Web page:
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Posted at 1:38 PM ET, 03/ 4/2011

Md. likely to stiffen ban on texting while driving

By Aaron C. Davis

 Maryland's Senate is expected to pass a bill Monday to tighten significantly its ban on texting while driving, making it illegal to glance at a hand-held device to read a message while behind the wheel and increasing the potential fine for the offense to $500.

 Current Maryland law says it's illegal to send a message while driving, but there is no prohibition against reading one. In debate that established the law two years ago, opponents had successfully argued that there was no rule against reading a piece of paper containing directions, a newspaper or even a novel while driving, so a ban on reading a potentially urgent text message was particularly onerous.

 State Sen. James Brochin (D-Baltimore County), who sponsored the bill pending for a final vote on Monday, said the measure would remove all ambiguity in the law.

 "Texting and driving don't go together. Period," he said, adding that the measure would also give police officers clearer and necessary latitude to pull over drivers they see using hand-held devices. In 2010, the existing law resulted in 280 citations, he said.

 But the bill has faced boisterous opposition, especially in the Senate, where opponents railed against it for over two and half hours in debate this week.

 Several Republican lawmakers said the bill would amount to the government "reaching inside the car" and legislating such a common, everyday activity that it would have the effect of undermining the meaning of other, more important state laws.

To make their point, Republicans proposed amendments banning the reading of newspapers, and said the next step would be Maryland banning "eating a Big Mac, fries and a coke" while driving.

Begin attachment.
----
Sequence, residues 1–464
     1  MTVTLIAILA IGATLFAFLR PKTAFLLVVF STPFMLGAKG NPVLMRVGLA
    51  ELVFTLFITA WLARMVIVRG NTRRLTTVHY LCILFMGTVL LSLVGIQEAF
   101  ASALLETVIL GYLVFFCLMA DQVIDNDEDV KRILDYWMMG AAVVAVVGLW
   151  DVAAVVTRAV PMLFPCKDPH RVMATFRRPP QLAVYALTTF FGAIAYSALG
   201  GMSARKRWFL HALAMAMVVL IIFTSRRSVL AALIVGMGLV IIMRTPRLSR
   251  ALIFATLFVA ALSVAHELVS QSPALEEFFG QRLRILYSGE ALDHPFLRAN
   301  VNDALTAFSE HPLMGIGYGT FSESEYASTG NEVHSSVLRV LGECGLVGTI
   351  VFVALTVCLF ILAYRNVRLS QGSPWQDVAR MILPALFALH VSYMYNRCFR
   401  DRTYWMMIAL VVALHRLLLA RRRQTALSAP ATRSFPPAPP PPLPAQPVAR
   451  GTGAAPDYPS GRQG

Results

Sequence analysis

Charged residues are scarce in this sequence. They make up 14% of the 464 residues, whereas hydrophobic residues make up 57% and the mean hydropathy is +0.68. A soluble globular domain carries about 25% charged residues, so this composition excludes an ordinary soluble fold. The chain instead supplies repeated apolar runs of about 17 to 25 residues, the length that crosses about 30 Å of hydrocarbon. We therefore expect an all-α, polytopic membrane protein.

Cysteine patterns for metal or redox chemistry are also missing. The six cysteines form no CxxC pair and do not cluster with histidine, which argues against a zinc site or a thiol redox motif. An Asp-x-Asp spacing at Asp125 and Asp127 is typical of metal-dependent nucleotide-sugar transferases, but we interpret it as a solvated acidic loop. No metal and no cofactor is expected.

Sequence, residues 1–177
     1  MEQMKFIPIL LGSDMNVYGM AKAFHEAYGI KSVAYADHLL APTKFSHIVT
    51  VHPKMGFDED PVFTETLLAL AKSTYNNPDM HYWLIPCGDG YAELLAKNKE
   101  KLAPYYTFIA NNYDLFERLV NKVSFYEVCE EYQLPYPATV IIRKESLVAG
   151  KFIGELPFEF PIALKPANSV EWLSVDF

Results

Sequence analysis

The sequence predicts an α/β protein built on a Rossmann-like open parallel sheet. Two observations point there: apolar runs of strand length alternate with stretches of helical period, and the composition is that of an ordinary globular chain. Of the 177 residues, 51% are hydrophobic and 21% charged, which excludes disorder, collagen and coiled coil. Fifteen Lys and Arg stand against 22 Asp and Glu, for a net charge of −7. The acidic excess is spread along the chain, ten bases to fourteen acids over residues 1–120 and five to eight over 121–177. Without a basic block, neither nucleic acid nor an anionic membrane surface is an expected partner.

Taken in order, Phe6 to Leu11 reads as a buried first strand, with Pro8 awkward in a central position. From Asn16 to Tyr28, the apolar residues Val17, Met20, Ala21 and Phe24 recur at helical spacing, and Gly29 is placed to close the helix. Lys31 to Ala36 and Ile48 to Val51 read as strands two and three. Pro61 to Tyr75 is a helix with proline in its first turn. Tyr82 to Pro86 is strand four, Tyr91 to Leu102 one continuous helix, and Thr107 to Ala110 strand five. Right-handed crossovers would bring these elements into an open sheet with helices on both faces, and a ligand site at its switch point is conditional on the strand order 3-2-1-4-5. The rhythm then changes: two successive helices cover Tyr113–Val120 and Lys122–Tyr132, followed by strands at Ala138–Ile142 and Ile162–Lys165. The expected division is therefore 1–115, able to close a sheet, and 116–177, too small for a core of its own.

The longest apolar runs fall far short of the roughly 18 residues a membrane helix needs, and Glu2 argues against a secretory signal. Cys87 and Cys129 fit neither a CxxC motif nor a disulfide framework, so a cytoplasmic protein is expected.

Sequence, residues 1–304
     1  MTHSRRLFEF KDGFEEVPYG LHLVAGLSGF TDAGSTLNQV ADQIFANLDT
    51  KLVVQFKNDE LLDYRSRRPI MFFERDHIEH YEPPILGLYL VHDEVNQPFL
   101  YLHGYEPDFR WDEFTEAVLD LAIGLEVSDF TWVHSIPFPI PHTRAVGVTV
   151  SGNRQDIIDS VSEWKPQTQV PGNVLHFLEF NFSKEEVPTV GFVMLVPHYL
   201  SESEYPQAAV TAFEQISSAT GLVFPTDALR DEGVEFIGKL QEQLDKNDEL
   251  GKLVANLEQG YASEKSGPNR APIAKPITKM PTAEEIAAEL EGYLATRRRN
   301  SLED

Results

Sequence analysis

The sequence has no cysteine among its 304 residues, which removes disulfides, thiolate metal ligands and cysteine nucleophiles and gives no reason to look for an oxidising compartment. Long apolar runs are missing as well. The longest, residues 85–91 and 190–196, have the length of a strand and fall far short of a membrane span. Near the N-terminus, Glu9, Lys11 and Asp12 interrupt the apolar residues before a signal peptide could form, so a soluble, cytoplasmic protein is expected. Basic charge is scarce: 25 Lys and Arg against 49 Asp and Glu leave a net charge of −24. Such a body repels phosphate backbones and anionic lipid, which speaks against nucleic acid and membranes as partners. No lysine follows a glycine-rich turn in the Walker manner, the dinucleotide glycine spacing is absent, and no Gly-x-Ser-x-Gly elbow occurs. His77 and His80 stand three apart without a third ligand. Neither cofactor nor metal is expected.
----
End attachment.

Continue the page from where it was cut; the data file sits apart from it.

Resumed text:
"What's the difference? That's a distraction, too," said Sen. Allan H. Kittleman (R-Howard).

Sen. E. J. Pipkin (R-Queen Anne's) said there was no way police officers could distinguish whether a driver was using an iPhone to play music through a car stereo or using Google Maps to look up directions, two activities that would both remain legal under the bill.

Pipkin also warned that in addition to the burned-out "tail light and hanging license plate," the law would give police in the state, which have battled perceptions of racial profiling in some urban areas, near constant probable cause to make a traffic stop.

On the House floor, Del. Michael D. Smigiel Sr. (R-Cecil) took another unsuccessful tack. He offered several hypothetical text messages that drivers could miss if the bill becomes law.
Among them: "Hey honey, I think the baby's coming. Turn around and come home."
Another: "I think somebody's trying to break into the house, daddy."
The House of Delegates passed the measure on Thursday by a vote of 116 to 22.
Last year, both the House and Senate passed bills expanding the state's ban on texting while driving to include reading messages. Differences in the bills were not worked out before adjournment, however.

More details of the legislation:

 "A driver is prohibited from using a text messaging device to write or send a text message while operating a motor vehicle in motion or in the travel portion of the roadway. A violator is guilty of a misdemeanor and subject to a maximum fine of $500. The prohibition does not apply to the use of a global positioning system or the use of a text messaging device to contact a 9-1-1 system. A violator is subject to an assessment of one point against the driving record. The prepayment penalty assessed by the District Court is $70, or $110 and three points if the violation contributes to an accident."

 The National Safety Council, an organization that focuses on workplace and highway safety, estimates that talking or texting on a cellphone is responsible for 1.6 million crashes in the United States a year, about 28 percent of all crashes.

More than 380 people have died from distracted driving crashes in Maryland in the last five years, according to the Maryland State Highway Administration.

According to the Governors Highway Safety Association, 30 states and the District of Columbia specifically prohibit driving while texting. Washington was the first state to enact such a law in May 2007. In addition to Maryland, 25 other states and the District of Columbia authorize primary enforcement of their text-messaging bans.

-- Staff writer John Wagner contributed to this post.

By Aaron C. Davis  | March 4, 2011; 1:38 PM ET
Categories:  Aaron C. Davis, General Assembly, John Wagner  
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Comments

This is either a stupid idea or a money grab -- perhaps both. Why don't they ban reading of highway signs too, as those are a distraction too. Better yet, just ban driving, then no one will have an accident!

Posted by: braunt | March 4, 2011 1:56 PM | Report abuse